Many high-performance athletes have suffered the consequences of COVID- 19, whether physically or mentally, and it has taken its toll. Many sports such as soccer and basketball have found other ways to replace what COVID has taken away by working on their physique, running, and training their bodies to stay in shape. However, swimmers have a much more difficult challenge, as they frequently train in the pools that had closed down for several months during the beginning of the pandemic. That meant swimmers had to turn to alternatives such as running and strength training. These alternatives however are not as sufficient as swimming itself. As the months have gone by, high-performance swimmers have gotten back into the pool working hard to get back into shape.
It has been challenging as normal competitions and training had been canceled for months, however leading up to the month of October the ISL (International Swimming League) began planning to go on with their annual competition. The ISL is comprised of ten teams of both women and men. The league, due to COVID-19 pandemic travel restrictions, consisted of ten short course swimming meets which took place in the city of Budapest, Hungary. Four clubs take part in a match and an ISL match lasts two days. During the first season, an ISL match consisted of 39 in the 2020 season races: 32 individual, five team relays, and two skin races. Each race consists of two representatives from each of the clubs. Points are distributed after the race in the following manner: 9 points for 1st, 7 for 2nd, and 1 for 8th. Points are not awarded to athletes (teams) who fail to finish a race. In addition, points are doubled in relays and are awarded after each of the three skin race heats. The points of the clubs’ representatives are then added together and go towards the total points result of their respective clubs.
This year the Americas Conference teams consists of, DC Trident, LA Current, New York Breakers, Cali Condors, and Toronto Titans. The European – Asian Conference teams consist of Energy Standard, London Roar, Team Iron, Aqua Centurions, and Tokyo Frog Kings.
The 2020 International Swimming League grand finale is finally here after more than a month of racing in the Budapest Bubble. After Day 1, defending champions Energy Standard had some catching up to do as they sat in 2nd place with 239 points behind the Cali Condors with 267 points. London Roar is currently in 3rd place (199.5 points) and LA Current in 4th (177 points.)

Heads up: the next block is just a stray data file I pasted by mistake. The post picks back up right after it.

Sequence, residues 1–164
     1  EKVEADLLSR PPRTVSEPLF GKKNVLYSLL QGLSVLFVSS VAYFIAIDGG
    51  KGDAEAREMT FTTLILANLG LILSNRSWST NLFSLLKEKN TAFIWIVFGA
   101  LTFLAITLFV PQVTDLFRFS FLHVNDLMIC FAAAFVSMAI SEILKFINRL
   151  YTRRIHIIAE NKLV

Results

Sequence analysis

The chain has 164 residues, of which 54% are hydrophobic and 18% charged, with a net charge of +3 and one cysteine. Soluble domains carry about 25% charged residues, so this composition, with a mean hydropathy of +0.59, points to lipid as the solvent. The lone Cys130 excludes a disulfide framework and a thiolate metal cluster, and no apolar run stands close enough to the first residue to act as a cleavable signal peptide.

Cali Condor’s Caeleb Dressel is on triple World Record watch after crushing two World Records on Day 1. He is three-tenths off of the World Records in both the 100 free and 50 fly after he set the ISL 100 free record last week and swam a career-best 50 fly the same week. Dressel already set the World Record in the 100 IM this season, but can he do it again? Kliment Kolesnikov also has a chance to lower the 100 back World Record he set yesterday in the lead-off leg of the Energy Standard 4×100 medley relay.
In the MVP race, Dressel has built a pretty insurmountable lead with a total of 408 points in 1st place. But there are four swimmers within reach of 2nd place with Ryan Murphy (318) tied for 2nd with Beryl Gastaldello (318) and Lilly King in 4th by one-half of a point. Last season’s MVP, Sarah Sjostrom is currently in 5th with 281 points after she missed a regular-season match due to a back injury.
Covid protection measures saw athletes grouped together into their own ‘bubble’ with extra precautions taken to keep them and their coaches protected and safe. Training times and lanes were assigned and frequently sanitized to prevent the transmissions of any sort of germs and viruses. This also meant quarantining and self-isolation. Many of the athletes had to say their goodbyes to family and friends at the beginning of October to travel to Budapest and compete until the end of November.
These strict requirements and rules confined the athletes and no one has contracted the virus, therefore being very effective. The ISL has not only proved to be very successful but provided high-performance swimmers with the missed opportunity of the Olympics to compete at a high level once again.